Violence is particularly valuable for its unique perspective on still under-examined forms of violence, some of which have received increasing attention in broader public discourse but have received little intensive theoretical engagement. Especially timely is Žižek’s engagement with so-called “meaningless” violence. Žižek uses the example of the 2005 French suburban riots, suggesting that the lack of vision for which the riots were criticized was not a failure, but rather their purpose. Žižek suggests that this violence is an example of phatic communication, or speech that “checks whether the channel is working”; the occupants of the suburbs demanded recognition of their personhood, rather than of a specific message, and their violence “worked” to the extent that it required the sudden attention of people and institutions who would rather look elsewhere. That violence is a form of communication is implicit in much of the rhetoric around it—for example, in the claim that executing a criminal can ‘send a message’ to would-be criminals—but there is little scholarly discussion about how violence as a rhetorical act is supposed to work, and what work there is tends to focus on state violence. Žižek’s work on riots is a timely addition to the scholarly conversation, and his work on terrorism as phatic communication adds to existing discussions of terror as a rhetoric of display.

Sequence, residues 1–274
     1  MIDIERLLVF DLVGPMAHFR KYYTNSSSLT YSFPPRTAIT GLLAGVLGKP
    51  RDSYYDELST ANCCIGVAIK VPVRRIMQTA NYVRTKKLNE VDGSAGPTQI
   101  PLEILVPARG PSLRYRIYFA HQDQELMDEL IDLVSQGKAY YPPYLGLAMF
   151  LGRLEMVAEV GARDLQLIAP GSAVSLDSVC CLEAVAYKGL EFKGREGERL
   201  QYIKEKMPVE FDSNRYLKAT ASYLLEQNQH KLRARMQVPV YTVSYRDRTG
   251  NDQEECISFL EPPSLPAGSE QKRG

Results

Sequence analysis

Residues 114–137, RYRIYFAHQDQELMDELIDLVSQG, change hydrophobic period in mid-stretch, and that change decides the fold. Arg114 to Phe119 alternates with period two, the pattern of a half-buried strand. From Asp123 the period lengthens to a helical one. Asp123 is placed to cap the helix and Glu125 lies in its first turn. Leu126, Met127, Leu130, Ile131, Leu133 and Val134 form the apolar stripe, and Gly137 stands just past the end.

Žižek’s attention to symbolic violence is also refreshing, if potentially controversial. While acknowledging how language can be violent and/or enable violence is not new, Žižek pays special attention to the way that responses to violence, especially those that might seem innocuous or even beneficent, can reproduce violence. Žižek’s attention to different types of violence means that this reproduction is both subjective and symbolic: symbolic violence can enable subjective violence, and vice versa. Žižek is critical of rhetorics of political correctness, which, he suggests, instruct individuals to avoid an encounter with the other and leave unexamined the problematic beliefs that underlie prejudice and stereotyping. He also critiques the tendency to project specific frames onto “meaningless” violence—for example, the insistence that the anger over the Danish caricatures of Muhammad published in 2005 was really about imperialism—suggesting that these frames help their users avoid real engagement with unfamiliar beliefs. Some portions of this argument are less convincing than others, particularly given Žižek’s ongoing argument that subjective violence is related to systemic as well as symbolic violence, but it nonetheless raises interesting questions about how language can help individuals and groups avoid encounters with the other.